It is not just for video games. Students at A. R. Johnson Health Science and Engineering Magnet School are some of the first in the county to use virtual reality to learn how to save lives through CRP training.
The first course was taught at the high school on Thursday morning and they invited NewsChannel 6’s Ashley Osborne to check it out.
The lesson starts even before they put on the VR gear. Dr. Khristi Palladino gave each student a prompt to read to set the scene.
“You’ve heard something crash outside,” Dr. Palladino shares some of the scenario students read before the CPR lesson. . “You see a gentleman coming down the street who appears confused.”
Student Jasmine Yancey describes how Thursday’s CPR lesson is part of a bigger project.
“Our case is located in Haiti where an earthquake happened and we are treating the patients so we are acting as emergency medical responders because that’s what we’re going to be certified to be towards the end of the class,” Yancey says.
“They had to triage the patients,” Dr. Palladino shares more about the course. “They’ve had to figure out agencies that they could contact to get resources, but now we’re going to move into some training on individual patient care.”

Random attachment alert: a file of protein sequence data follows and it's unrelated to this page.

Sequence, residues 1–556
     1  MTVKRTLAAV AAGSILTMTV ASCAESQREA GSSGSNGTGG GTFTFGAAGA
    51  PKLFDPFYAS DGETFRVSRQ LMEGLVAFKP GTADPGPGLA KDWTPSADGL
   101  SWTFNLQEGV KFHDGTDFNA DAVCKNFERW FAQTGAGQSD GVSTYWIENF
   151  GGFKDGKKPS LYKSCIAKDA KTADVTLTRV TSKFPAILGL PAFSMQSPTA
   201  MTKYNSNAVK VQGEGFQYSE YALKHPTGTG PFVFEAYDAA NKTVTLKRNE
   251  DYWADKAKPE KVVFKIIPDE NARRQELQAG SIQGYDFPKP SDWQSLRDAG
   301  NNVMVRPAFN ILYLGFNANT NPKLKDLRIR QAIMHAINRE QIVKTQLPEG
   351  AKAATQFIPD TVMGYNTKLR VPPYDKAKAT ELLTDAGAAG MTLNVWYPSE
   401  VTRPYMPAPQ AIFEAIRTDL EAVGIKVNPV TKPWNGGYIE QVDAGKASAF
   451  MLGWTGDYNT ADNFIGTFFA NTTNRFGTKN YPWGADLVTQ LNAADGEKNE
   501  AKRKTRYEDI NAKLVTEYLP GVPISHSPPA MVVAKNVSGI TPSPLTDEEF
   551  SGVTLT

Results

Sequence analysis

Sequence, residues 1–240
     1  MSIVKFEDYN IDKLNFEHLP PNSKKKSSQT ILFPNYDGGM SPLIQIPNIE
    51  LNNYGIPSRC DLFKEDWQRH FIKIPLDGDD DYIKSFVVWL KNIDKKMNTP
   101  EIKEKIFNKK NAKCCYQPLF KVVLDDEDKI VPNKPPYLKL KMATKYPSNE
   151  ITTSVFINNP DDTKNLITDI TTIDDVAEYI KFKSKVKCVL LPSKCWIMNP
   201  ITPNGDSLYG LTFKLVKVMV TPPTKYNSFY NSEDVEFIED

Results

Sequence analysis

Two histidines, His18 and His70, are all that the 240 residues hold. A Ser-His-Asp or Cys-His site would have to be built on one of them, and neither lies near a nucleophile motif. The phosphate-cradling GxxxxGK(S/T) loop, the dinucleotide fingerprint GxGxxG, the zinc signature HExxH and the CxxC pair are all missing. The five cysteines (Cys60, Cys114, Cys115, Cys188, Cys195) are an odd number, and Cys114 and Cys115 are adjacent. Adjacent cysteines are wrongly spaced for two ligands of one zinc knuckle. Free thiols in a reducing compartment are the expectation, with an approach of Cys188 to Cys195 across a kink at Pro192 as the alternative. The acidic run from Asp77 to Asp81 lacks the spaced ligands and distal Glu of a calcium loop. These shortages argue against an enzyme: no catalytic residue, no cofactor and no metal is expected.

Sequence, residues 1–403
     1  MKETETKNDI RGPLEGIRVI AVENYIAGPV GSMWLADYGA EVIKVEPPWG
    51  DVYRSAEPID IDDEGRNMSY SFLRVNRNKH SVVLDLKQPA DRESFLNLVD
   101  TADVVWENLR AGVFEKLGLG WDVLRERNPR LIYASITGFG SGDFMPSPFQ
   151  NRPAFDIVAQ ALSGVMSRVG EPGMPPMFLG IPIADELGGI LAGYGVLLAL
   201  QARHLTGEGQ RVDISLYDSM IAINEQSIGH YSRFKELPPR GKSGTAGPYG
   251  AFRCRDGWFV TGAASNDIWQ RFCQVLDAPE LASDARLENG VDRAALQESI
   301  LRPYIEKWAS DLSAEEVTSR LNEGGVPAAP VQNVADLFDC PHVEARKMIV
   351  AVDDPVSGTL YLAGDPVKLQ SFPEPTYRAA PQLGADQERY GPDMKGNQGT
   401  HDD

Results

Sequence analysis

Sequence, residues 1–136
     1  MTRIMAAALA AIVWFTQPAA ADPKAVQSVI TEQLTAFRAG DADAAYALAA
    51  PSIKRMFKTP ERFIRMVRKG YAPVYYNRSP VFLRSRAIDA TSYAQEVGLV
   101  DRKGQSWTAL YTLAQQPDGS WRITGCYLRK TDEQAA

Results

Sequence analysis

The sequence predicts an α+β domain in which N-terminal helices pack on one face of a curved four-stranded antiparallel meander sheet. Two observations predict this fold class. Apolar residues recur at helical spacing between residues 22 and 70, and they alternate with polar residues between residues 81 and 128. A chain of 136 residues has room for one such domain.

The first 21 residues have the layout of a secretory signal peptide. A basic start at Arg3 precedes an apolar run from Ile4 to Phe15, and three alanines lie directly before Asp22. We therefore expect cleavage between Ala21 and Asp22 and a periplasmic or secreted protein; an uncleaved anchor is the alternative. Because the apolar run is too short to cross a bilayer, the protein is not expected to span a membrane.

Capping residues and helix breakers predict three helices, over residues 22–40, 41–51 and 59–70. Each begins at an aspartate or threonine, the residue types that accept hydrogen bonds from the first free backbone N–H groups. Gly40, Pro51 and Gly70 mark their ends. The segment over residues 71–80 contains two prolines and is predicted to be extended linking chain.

In the simulation, students can see the patient and the equipment they are instructed to use.
Technology specialist Jason Stark explains what kinds of things students hear in the headset during the simulation.
“It walks them through where to get help, to point, go get an AED,” Stark says.
Along with the headset, students wear trackers on their wrists which track depth and speed of the chest compressions.
“We can use this as baseline data,” says Dr. Palladino. “Now we can watch them as we go through our unit are they progressing how they would expect? Maybe they are doing well in some areas and not in others so we can focus on that skill.”
“It’s really cool. That I’ve never done before,” says student Alexis weathers about the virtual reality CPR training.
Turns out, no students in Georgia have done this yet. Stark says he checked with the state BOE and they didn not know of any other schools using virtual reality like this.
Student Lance Davidson thinks virtual reality training will better prepare him for a real life situation than the previous methods. “Just because it’s so hands on,” he says.
Stark is looking into incorporating virtual reality in social studies, art and/or P.E. Students could see the world, design fashion or burn calories. Tursday’s CPR lesson could save lives.